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Keith Gallinelli '94, MA'97, MBA'01

Gallinelli hosts his English language talk show Nanjing. Photo by Qilai Shen

Gallinelli hosts his English language talk show in Nanjing. Photo by Qilai Shen

The story of Keith Gallinelli's rise to TV stardom has an urban myth ring to it, though he swears it's true. After graduating from BC in 1994, and returning for master's degrees in geology and business administration, Gallinelli, a Connecticut native, was teaching business classes in a local private school in Nanjing, China (a job he still holds). He met a young Chinese woman in a bar and, on a whim, told her he was a famous talk show host named Jerry Springer. He soon revealed his true identity, but she turned out to be a TV producer, and a week later she called and offered him a job. Today Gallinelli is the host of Small Talk, the only English language talk show in China's populous eastern province of Jiangsu.

"My first shows were not great," he admits. "When I watched them back, I noticed I kept saying 'excellent' over and over again. But they are getting better. And I am much more confident now." Efforts to land visiting former president Bill Clinton and pop star Mariah Carey as guests fell through. But he recently had an exclusive interview with the magician David Copperfield, on tour in the People's Republic. Other guests have included local celebrities and a mix of foreigners and locals with quirky hobbies or outspoken views on fairly tame subjects. In censorship-heavy China, Small Talk tends to focus on light social themes: keeping a pet, family life, outdoor sports (the host is a budding triathlete). Attempts to introduce more controversial subjects meet resistance—Gallinelli has recorded shows on sex education and tattoos, which never aired.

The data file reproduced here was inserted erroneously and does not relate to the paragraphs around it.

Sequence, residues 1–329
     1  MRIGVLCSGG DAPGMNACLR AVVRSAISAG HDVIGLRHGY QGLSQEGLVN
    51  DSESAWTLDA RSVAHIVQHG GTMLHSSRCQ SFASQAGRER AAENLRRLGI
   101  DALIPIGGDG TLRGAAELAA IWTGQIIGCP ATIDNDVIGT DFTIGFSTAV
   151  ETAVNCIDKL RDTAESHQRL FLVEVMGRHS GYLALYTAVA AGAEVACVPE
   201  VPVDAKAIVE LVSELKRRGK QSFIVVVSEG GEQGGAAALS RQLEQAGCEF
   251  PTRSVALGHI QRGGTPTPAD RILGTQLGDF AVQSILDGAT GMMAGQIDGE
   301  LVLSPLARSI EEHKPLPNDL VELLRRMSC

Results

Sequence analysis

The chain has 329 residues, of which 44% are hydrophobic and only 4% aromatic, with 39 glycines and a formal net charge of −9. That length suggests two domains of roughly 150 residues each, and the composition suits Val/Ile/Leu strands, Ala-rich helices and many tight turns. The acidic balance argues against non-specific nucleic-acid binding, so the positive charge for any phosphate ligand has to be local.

Chinese programming today is a bit like 1970s American TV—laden with variety shows and melodramas, with an added heavy reliance on kung-fu serials. Talk shows have made a stir only in the last few years. "I think this has the opportunity to keep me going for 10 years," Gallinelli says of the show, though the monthly wage—a few thousand yuan (several hundred U.S. dollars)—means television work is apt to remain a sidelight.

Still, Gallinelli finds himself propelled into celebrity. "You'd think it would be college students and foreigners who would recognize me, since the show is in English," he says. "But it's usually taxi drivers and fruit stall holders, the ordinary people in the street."

Arthur Jones

Arthur Jones is a writer based in Shanghai.


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